A consumer’s guide to research on substance use disorders (part 2)

Yesterday, I explained the challenges of making sense of research and introduced 8 questions that will help readers evaluate evidence and relevance to their work, goals, and lives.

1) What is the treatment or intervention being studied?

It’s important to pay close attention to the intervention being studied. It is common for news reports about the study to describe it poorly. Further it’s common for the study itself to obscure the details of the intervention.

Interventions might include:

  • Medication with, or without, counseling
    • Opioid agonist medication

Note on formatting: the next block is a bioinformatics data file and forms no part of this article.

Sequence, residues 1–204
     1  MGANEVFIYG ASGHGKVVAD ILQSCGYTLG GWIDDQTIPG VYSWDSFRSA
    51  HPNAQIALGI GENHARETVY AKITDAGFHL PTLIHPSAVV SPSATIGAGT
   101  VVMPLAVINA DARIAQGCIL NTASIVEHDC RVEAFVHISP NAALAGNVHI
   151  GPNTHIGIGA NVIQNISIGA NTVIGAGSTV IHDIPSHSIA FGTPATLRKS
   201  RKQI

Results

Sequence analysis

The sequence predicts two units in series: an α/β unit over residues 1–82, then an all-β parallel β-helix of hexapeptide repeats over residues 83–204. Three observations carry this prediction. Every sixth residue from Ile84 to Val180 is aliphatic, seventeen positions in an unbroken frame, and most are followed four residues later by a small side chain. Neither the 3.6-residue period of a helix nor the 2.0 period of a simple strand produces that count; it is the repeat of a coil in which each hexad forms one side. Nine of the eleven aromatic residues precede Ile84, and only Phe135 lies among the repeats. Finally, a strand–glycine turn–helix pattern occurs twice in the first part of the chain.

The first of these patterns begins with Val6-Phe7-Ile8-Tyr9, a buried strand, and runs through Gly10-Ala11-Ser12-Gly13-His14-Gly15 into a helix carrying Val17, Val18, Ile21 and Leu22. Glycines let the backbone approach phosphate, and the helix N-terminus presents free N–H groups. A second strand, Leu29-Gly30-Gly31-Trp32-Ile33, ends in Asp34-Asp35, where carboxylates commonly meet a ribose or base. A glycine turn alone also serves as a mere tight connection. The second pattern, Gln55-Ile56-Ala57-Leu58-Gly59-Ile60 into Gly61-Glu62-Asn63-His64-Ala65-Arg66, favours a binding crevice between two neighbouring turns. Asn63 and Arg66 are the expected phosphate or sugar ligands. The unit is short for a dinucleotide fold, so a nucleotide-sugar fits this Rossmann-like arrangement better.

• Opioid antagonist medication
    • Other medications
  • Education
  • Medical care
  • Harm reduction
  • Case management
  • Mutual aid groups such as 12 step meetings, faith based meetings  (Without professional treatment)
  • Specific types of counseling or combinations of them, such as:
    • Motivational Interviewing
    • Twelve step facilitation (Professionally directed treatment focused on linking and encouraging active participation in 12-step organizations.)
    • Relapse Prevention Therapy
    • Cognitive Behavioral Therapy

It’s also important to know more about how the treatment was delivered:

  • Residential treatment
    • Long term
    • Short term
  • Outpatient
    • How often? Once a week, or multiple times per week?
    • Over what period of time?
  • Was it linked to additional services intended to support problem resolution over months and years, rather than days and weeks?
  • Does the treatment in the study resemble how treatment is provided in the real world?

Posts in this series: